Snippet: Javier Cercas’ “King of the shadows”

megustaleer - El monarca de las sombras - Javier Cercas

Javier Cercas, El monarca de las sombras [The shadows’ monarch], 2017, 304 p.

Publisher’s summary:

More than 15 years after the publication of Soldiers of Salamis, Javier Cercas returns to the Spanish Civil War with a very intimate and personal novel that delves into his family’s most awkward past.

No family escapes its heritage. On the winners and the defeated, and the secrets we all kept quiet about.

This is the novel that Javier Cercas had been preparing to write since he wanted to become a novelist.

Or even before.

El monarca de las sombras narrates the search for the lost traces of a nearly anonymous young guy who fought for an injust cause and died on the wrong side of History. His name was Manuel Mena and in 1936, when the Civil War broke out, he joined Franco’s army; two years later he died in the Battle of the Ebro [July – November 1938], and during decades he turned into the official family hero. He was the Javier Cercas’ great uncle, and Cercas refused to research his story until he felt oblidged to do so.

The result of this inquiry is an absorbing, plethoric novel full of action, humor and emotion, that presents some of the essential topics of Cercas’ narration: the radiant, polyhedral and mysterious nature of heroism, the stubborn survival of the dead and the difficulty of accepting one’s most embarrassing past.

At the same time a local and universal exploration, personal and collective, a belligerently anti-war novel, El Monarca de las sombras gives an unexpected and dazzling turn of the screw on the question of the heritage of the Spanish Civil War that Cercas posed years ago with Soldiers of Salamis.

El País offers a short review online (in Spanish). Spanish state TV’s  literature program Página 2 [page 2] did an extensive author interview (in Spanish) to talk about this book, “probably Cercas’ most emotional so far”.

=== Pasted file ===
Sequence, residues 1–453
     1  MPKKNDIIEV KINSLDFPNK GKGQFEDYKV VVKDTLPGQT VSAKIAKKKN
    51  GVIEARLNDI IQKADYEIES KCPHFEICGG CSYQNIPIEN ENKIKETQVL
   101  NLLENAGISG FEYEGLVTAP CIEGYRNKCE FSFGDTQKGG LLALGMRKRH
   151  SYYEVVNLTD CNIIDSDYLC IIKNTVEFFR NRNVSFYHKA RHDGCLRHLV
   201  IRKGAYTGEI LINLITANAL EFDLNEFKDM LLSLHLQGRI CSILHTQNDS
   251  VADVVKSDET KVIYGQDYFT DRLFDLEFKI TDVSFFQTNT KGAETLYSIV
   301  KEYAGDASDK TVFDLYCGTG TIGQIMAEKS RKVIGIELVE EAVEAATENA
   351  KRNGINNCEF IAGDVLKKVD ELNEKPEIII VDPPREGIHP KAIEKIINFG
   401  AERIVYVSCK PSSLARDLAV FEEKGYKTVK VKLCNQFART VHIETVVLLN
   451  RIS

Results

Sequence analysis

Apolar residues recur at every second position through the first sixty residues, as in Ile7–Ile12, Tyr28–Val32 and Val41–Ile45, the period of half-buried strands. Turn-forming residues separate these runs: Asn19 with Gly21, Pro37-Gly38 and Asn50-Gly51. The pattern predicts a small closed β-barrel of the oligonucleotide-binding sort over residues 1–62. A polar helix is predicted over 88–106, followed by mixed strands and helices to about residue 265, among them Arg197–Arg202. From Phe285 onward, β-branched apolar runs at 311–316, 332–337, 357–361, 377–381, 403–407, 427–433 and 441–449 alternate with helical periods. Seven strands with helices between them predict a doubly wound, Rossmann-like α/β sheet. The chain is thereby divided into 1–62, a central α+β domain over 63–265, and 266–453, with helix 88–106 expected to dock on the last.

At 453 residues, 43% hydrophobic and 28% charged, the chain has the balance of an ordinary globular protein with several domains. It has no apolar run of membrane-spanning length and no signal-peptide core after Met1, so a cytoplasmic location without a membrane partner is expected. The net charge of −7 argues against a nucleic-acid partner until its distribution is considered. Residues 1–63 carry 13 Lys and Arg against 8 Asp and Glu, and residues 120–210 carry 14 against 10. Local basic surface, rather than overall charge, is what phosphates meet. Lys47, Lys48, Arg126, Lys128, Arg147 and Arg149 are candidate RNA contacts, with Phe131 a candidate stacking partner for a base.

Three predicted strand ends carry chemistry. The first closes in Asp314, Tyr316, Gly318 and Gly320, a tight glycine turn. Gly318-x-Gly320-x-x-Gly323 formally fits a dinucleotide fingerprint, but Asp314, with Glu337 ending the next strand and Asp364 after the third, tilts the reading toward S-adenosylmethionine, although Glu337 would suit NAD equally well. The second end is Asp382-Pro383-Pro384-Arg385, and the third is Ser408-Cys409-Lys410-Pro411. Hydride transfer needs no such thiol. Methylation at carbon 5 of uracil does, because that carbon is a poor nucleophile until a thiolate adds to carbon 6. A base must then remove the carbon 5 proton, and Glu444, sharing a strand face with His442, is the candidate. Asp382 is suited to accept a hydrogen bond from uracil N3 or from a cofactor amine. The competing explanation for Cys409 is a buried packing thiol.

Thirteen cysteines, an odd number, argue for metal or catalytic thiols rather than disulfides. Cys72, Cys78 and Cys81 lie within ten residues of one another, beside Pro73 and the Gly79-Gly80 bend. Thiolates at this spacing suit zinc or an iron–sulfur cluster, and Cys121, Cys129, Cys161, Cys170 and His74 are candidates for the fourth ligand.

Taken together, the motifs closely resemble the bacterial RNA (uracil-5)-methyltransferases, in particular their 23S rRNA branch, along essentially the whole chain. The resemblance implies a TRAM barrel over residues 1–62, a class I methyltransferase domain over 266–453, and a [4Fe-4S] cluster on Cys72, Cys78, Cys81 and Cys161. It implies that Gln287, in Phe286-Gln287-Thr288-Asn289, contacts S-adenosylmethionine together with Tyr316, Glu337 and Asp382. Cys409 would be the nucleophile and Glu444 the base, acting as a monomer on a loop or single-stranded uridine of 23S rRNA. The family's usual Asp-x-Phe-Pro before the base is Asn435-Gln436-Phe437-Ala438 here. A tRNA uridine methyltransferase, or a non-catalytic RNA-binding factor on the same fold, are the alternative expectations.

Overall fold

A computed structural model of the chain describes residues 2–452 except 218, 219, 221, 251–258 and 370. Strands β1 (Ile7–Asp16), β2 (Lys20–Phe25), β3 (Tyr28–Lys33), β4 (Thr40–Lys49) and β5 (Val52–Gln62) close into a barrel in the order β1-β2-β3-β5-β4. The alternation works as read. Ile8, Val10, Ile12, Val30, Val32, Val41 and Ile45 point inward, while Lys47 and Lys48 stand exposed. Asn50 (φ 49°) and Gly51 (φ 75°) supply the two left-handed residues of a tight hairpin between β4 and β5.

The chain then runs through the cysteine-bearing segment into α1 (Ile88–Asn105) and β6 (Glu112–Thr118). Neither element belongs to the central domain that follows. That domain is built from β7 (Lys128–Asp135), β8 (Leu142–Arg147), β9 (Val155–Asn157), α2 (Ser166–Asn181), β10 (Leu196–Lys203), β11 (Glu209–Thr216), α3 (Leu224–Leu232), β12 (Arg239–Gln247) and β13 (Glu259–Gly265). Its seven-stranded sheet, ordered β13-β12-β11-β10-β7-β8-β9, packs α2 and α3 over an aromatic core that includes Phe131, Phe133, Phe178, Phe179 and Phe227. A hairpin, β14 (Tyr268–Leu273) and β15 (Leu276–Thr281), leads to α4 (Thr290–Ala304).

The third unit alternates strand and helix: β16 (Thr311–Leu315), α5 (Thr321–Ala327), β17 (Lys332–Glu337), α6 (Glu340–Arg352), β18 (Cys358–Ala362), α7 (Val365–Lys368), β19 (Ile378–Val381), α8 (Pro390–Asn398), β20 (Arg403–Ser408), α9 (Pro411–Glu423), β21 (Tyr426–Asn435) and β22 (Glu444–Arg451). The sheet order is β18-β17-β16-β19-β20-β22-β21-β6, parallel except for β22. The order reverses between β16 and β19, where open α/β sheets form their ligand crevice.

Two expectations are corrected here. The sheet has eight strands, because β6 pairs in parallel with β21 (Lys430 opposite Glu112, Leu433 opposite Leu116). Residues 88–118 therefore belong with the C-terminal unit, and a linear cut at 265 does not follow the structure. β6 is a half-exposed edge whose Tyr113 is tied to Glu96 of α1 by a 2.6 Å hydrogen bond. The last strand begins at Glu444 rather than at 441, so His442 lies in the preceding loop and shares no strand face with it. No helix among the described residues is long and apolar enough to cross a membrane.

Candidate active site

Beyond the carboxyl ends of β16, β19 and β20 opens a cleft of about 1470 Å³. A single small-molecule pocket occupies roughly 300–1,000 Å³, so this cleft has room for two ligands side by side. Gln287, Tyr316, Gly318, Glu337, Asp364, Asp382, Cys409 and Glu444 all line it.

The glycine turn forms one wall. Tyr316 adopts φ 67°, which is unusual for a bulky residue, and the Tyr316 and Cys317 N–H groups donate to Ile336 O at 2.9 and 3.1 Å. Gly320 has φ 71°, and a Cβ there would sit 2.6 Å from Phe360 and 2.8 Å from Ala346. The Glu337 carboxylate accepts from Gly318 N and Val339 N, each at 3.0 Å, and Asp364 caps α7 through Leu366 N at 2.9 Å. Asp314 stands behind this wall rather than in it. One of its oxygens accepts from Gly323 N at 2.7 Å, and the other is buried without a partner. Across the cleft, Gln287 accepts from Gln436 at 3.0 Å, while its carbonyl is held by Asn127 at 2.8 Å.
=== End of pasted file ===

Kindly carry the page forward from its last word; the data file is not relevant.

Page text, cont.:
The subject matter sounds interesting, Soldiers of Salamis was outstanding, and Cercas is a writer who hasn’t disappointed this blogger so far.

SOURCE: Penguin Random House (publisher)


Snippet: Raül Garrigasait’s “Strangers”


Raül Garrigasait, Els estranys [The Strangers], 2017, 192 p.

Publisher’s summary:

In the year 1837, in the middle of the Carlist war [cf. the Wikipedia article for the background], in a moment of a violent clash between the past and the future, a young Prussian crosses the Pyrenees to fight in favour of Order, but a misunderstanding leaves him stuck in a ruinous and buffling city. With the passing days his amazement only grows, until it becomes a constant company, the only way left to him to view the world. Friendship, family, religion, politics: in the place everything flips, or transfigures, or becomes undone.

Els estranys is a novel that moves between humour and tragedy, full of music, of eccentric characters and of scenes of an extraordinary plasticity. With a style that touches all registers, changing between the present and the past, the book makes the readers travel to the center of strangeness that everyone carries inside him- or herself.

After translating Greeks and Germans for a long time, Raül Garrigasait (Solsona, 1979) surprised his readers with a sparkling essay, El gos cosmopolità i dos espècimens més [The cosmopolitan dog and two other specimens]. The pleasure of merging narration and reflection in one and the same work that already manifested itself in that book, has made him write the present novel.

All of this sounds very strange to this blogger…


SOURCE: Edicions del 1984 (publisher’s blog)

Snippet: Jenn Díaz’ “family life”